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Forget smart homes: Low-tech security solutions for the safety-conscious homeowner

Home security technology is more advanced, complex, and widely available than ever. Many “Internet of Things” enabled security devices, notably found in “smart homes”, are making normal homes look more like futuristic security compounds. Smart home security systems now include such elaborate devices as the FakeTV—a box that generates a television-esque flickering light to trick observers into thinking you’re home watching TV when you are actually out. There are also facial recognition cameras, keyless smart padlocks, solar powered electric locks, and AI home hubs that open and close doors by voice command.

As impressive as all this technology is, it is mostly a distraction for the decidedly low-tech security solutions that are actually far more important to—and effective at—keeping your home safe. If you really want to make your home safer, you’re much better off saving money on lower budget security tech that will keep you safe.

 

Routine visits from keyholders can be more effective than any technology

Involving very little technology on your end, keyholding services involve handing over a copy of your keys to a team of security experts, and relying on them to come to your aid should you experience any problems on your property.

Firms like CMS Keyholding have an in-house alarm response team, who can drive straight to your property and investigate any potential incident. If it looks like there’s been a break-in, they can contact the police. If something else has triggered the alarm, such as a leak or natural disaster, they can help alleviate the situation there, too.

All keyholders go through a rigorous application process before the government grants them their Security Industry Authority (SIA) license, so you can rest assured that these are people you can trust. It’s not completely low-tech—a keyholder’s job is much easier if they can monitor your property remotely via CCTV—but it’s definitely a lot less technological than AI-enabled homehub that opens and closes doors.

 

Quality locks, doors, and windows are essential

Though locks, doors, and windows can all be augmented with modern technological devices, their low-tech, analogue function is the most important factor in your home security. Whether they have to dodge face-recognising cameras, deactivate voice-activated alarms, or duck lethal laser beams (not yet on the market), ultimately burglars still must pick a lock, break down a door, or prise open a window if they want to gain unauthorised access to a property.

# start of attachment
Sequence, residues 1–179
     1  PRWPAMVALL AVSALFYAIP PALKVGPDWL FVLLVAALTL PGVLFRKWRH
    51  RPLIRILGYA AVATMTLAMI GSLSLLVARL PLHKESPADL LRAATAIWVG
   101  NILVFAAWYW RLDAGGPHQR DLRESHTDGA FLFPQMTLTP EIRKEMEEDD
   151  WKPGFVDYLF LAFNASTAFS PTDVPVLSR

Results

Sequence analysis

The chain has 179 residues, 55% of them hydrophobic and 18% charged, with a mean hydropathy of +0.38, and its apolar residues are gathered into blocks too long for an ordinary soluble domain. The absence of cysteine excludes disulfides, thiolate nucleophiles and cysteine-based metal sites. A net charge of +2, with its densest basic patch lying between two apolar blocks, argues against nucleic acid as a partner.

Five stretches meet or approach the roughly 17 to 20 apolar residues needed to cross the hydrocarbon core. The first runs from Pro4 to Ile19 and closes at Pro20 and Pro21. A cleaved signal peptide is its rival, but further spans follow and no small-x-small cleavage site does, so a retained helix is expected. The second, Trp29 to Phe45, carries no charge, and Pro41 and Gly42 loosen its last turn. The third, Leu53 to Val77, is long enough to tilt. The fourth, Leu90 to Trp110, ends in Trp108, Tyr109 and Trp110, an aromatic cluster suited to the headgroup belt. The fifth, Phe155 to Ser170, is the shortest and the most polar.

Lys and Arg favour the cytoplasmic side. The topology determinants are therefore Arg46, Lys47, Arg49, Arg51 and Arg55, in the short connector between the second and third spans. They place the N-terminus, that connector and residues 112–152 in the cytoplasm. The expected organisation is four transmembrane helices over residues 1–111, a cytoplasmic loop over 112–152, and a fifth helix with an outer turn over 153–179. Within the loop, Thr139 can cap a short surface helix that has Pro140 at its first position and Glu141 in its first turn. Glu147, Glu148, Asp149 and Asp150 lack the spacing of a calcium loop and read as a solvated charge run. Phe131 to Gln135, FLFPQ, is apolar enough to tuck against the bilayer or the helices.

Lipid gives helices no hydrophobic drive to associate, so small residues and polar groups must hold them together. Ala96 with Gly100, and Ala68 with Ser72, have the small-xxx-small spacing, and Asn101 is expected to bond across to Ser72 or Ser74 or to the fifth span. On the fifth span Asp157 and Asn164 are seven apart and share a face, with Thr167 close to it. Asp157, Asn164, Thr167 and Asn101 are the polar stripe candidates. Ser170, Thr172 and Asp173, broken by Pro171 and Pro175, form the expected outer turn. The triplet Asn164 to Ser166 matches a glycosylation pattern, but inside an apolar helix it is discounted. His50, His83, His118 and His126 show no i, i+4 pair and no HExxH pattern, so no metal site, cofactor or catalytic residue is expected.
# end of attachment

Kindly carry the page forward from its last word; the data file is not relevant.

Because of this, any safety-conscious homeowner should make sure their house’s doors, locks and windows are as strong and secure as possible. With locks, you should settle for nothing less than a 5 lever mortice deadlock on your front and back doors. This guide from Go Compare can help you check what kind of lock you currently have. If your lock doesn’t meet this standard, you should consider getting it replaced with a lock that does.

Window-wise, strong locks are just as important. BBC’s Crimewatch recommends adding additional locks to your windows whenever possible. With wooden-framed windows, it is possible to fit mortice locks, but whatever your window is made of, Crimewatch says the locks that come built-in will not be enough.

 

Join a neighbourhood watch to protect yourself and others

 Like keyholders, neighbourhood watch schemes rely on your fellow human beings to keep you safe. Rather than respond to specific crimes or specific incidents, neighbourhood watches aim to help keep the local community safe in general.

The Merseyside Police reports that statistics show that joining a neighbourhood watch scheme “significantly reduces the possibility of becoming a victim of crime.” Neighbourhood watches involve members of the community working together on a volunteer basis to keep the neighbourhood safe, using their own strengths in different areas, and of course putting up “Neighbourhood Watch” signs to keep criminals in line.

Check the OurWatch.org website to see if there is already a neighbourhood watch scheme in your area. If there isn’t, you can set one up of your own.

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